Watching Duckworth win her election was indescribable. I can’t put into words how much I value my ability to vote for an amazing, inspiring woman to represent me. I feel that she doesn’t just share the same general values as me, but also understands my particular concerns as a woman. She knows what it's like to be fearful of the imminent threat of sexual assault and rape culture. She knows how valuable the resources Planned Parenthood offers are. To be fair, a male politician could understand and advocate for these values as well, but there is no one better to fight for women’s rights and equality than women themselves. For this reason and countless others, I have faith that Duckworth will defend my values and rights as my U.S. senator. She gives me hope.
What gives me even more hope is knowing how many powerful, intelligent, and determined young women have been inspired by this election and are now more driven than ever to make a difference. Teen activists like Rowan Blanchard and Yara Shahidi have taken to their social media platforms to inspire their fans to, as Yara said, “ensure that the baton of progress that President Obama has ran forth with is not dropped.” Also, She Should Run, a network of future female leaders, has seen nearly 1,500 women join their She Should Run Incubator (an online program that helps women envision themselves in public leadership and provides guidance on a future run) in just the past week. Clearly, Clinton lit a flame that will not easily be extinguished.
But this hope must be tempered with the realization that there’s still so much work to be done. Clinton’s historic race was one more big crack in the glass ceiling, but we have to fight harder to shatter it completely. The more cracks we add, the more women we elect to leadership positions, the less willing our society will be to accept a leader who condones sexual assault, calls women demeaning and sexist slurs, and claims the many women who have accused him of sexual assault are in fact not attractive enough to be his “first choice.”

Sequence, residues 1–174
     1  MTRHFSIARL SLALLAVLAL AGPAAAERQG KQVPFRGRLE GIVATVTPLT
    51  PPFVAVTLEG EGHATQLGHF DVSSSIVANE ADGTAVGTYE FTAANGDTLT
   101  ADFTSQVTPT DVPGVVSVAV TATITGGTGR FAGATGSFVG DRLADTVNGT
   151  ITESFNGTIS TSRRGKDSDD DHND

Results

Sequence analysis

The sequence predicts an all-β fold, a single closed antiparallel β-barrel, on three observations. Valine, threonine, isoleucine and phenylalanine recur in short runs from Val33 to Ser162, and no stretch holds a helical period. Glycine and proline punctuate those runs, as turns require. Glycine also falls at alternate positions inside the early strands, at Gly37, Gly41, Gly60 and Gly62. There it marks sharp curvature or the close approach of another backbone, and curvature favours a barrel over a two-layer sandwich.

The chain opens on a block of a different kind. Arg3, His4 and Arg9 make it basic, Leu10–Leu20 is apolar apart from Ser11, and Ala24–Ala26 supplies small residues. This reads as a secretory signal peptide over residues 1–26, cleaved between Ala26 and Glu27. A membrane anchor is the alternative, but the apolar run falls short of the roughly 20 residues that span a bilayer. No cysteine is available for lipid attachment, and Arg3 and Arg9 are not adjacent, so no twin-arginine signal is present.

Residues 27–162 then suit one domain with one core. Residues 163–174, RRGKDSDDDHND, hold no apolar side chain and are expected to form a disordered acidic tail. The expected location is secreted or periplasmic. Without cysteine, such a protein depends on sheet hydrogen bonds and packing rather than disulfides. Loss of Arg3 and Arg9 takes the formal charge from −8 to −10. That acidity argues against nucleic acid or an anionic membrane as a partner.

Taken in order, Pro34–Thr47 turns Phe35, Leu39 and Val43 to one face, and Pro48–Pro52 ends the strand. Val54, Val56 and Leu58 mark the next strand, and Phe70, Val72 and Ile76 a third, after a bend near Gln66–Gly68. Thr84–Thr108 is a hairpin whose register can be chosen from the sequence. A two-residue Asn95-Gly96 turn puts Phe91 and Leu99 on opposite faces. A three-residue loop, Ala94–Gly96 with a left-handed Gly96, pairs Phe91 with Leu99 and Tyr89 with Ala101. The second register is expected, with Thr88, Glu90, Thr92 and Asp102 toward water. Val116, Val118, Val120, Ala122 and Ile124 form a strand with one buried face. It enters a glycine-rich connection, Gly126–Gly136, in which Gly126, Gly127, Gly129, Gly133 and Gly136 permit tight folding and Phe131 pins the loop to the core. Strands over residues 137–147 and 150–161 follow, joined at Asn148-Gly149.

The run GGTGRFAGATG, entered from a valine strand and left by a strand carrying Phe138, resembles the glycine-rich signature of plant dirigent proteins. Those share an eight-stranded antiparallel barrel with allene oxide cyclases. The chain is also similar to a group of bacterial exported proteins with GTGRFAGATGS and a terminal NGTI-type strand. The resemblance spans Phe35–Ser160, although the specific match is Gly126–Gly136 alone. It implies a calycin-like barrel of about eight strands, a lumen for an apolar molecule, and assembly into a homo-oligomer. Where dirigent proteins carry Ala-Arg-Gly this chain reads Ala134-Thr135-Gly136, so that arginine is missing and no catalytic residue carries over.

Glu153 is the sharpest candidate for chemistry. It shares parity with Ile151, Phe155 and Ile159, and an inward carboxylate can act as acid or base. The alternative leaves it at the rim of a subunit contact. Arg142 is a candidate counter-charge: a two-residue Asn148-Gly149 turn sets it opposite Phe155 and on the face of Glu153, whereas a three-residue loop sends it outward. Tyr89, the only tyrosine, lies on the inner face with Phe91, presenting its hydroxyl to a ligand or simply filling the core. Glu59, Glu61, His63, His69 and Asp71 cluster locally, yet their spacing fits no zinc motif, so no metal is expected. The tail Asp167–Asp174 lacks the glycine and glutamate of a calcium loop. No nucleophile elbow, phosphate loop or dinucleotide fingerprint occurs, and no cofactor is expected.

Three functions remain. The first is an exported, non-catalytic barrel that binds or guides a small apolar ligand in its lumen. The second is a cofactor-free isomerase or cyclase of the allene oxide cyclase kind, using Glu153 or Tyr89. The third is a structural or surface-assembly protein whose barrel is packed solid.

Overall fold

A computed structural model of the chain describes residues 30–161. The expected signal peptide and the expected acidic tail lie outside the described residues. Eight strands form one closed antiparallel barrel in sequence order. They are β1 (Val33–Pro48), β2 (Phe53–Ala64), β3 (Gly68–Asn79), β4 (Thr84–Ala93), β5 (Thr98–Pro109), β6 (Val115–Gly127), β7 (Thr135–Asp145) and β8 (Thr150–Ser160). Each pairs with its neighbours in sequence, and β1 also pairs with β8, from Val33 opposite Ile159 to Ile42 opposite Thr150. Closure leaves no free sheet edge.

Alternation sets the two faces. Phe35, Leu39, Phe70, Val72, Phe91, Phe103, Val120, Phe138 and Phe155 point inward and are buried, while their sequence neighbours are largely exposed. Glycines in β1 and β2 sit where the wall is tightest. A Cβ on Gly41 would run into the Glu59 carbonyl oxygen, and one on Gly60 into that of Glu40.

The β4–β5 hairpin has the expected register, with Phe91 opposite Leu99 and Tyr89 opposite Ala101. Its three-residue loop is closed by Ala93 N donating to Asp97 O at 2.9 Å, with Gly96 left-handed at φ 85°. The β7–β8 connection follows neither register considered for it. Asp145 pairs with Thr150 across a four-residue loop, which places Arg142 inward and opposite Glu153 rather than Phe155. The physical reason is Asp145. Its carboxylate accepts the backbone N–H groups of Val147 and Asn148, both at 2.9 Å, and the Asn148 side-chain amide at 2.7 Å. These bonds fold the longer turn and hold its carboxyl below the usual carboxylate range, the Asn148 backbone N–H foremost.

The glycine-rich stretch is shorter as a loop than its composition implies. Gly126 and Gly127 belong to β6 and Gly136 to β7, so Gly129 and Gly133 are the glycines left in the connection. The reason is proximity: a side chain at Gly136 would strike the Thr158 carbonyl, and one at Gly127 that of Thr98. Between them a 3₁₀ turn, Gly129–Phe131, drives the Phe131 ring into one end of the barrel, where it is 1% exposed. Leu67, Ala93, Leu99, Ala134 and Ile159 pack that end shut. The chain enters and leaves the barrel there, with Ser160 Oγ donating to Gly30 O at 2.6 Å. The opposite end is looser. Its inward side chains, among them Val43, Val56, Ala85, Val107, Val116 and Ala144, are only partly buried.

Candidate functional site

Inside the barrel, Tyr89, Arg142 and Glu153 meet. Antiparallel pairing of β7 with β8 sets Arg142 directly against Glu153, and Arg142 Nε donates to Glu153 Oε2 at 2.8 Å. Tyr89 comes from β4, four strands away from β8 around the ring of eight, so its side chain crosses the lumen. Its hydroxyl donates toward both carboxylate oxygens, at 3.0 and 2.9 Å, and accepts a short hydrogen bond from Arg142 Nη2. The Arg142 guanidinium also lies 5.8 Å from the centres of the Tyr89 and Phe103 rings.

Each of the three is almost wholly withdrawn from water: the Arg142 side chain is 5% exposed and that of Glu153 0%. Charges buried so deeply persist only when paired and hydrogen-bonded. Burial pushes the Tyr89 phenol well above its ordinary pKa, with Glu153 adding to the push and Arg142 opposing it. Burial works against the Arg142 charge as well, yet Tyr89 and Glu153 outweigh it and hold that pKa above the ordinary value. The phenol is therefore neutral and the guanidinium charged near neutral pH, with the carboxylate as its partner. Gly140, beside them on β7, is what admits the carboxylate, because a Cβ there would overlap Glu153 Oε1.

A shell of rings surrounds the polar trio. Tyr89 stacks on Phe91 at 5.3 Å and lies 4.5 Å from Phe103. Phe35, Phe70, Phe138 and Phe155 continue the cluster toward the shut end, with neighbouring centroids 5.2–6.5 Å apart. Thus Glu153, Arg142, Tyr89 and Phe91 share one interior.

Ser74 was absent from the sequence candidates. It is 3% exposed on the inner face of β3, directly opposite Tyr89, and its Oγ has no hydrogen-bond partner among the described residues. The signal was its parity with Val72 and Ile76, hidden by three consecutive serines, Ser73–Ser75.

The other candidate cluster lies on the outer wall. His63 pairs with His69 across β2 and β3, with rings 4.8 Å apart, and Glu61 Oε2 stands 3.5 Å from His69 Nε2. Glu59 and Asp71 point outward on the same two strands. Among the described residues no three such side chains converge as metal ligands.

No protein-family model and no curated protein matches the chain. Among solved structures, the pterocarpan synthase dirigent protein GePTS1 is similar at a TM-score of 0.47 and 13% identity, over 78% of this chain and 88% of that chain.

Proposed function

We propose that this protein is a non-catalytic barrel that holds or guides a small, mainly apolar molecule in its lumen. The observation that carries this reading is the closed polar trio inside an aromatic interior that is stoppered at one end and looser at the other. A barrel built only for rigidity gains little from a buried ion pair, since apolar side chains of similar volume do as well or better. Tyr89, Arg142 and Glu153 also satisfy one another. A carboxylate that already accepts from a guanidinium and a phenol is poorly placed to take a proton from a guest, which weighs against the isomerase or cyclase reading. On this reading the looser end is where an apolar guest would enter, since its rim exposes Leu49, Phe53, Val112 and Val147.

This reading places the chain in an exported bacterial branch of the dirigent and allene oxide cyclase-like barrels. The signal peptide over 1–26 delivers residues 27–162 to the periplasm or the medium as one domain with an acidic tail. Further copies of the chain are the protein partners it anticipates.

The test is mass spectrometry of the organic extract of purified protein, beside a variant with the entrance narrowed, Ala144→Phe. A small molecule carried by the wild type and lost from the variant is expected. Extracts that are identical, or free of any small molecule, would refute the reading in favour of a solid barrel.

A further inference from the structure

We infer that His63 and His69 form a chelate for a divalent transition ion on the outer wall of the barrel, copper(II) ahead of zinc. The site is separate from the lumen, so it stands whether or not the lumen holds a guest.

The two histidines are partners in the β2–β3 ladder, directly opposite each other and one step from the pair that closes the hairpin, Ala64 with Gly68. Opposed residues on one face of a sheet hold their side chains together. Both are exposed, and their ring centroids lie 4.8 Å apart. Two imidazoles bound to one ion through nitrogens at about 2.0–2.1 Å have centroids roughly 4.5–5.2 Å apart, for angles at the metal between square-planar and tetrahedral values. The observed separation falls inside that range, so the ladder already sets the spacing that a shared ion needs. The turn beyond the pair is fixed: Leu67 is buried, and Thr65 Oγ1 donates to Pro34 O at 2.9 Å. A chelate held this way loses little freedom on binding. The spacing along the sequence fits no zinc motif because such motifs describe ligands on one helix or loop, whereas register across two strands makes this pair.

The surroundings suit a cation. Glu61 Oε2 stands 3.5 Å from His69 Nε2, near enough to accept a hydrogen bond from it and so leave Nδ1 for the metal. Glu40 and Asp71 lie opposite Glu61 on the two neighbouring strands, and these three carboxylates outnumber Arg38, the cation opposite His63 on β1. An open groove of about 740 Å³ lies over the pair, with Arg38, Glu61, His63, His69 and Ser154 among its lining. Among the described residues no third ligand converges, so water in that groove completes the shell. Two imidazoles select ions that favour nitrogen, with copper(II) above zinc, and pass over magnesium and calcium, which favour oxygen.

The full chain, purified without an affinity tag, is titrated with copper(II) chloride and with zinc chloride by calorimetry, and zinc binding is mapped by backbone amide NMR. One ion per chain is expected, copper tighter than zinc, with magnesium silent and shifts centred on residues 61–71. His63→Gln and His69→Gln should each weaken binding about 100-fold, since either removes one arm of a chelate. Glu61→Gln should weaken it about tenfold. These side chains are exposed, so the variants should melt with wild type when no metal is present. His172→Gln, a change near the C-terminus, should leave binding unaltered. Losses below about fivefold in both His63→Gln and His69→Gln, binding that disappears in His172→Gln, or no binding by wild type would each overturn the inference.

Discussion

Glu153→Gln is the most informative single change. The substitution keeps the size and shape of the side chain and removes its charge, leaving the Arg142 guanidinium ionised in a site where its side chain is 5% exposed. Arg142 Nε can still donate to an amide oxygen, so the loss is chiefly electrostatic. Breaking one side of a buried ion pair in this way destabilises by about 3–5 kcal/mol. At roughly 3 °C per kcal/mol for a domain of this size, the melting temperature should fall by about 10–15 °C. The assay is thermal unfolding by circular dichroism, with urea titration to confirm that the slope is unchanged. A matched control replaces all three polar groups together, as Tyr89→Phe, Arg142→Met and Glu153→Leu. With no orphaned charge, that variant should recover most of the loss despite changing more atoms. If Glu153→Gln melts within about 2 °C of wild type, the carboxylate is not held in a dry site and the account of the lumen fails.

We can all do so much to make this happen. First and foremost, we have to support women in our daily lives. Stand by your female friends. Remind them that they’re not only smart, strong, and capable, but that they can be leaders, too.
Second, actually motivate these capable women to run for office. Women are much less frequently encouraged to run than are men and are often afraid of the harassment and attacks they will likely face when running for office, and are therefore hesitant despite undoubtedly being able to win elections. A great way to support this effort is to donate to (or get involved with) organizations like She Should Run and Running Start, which are dedicated to encouraging women and girls to run for elected office and providing them with the resources to do so.
But for now, repeat to every young woman in your life what Hillary Clinton said in her solemn yet moving concession speech on Wednesday morning: “Never doubt that you are valuable and powerful and deserving of every chance and opportunity in the world to pursue and achieve your own dreams.”
We can honor Clinton’s message and change the landscape for female leaders. This is just the beginning.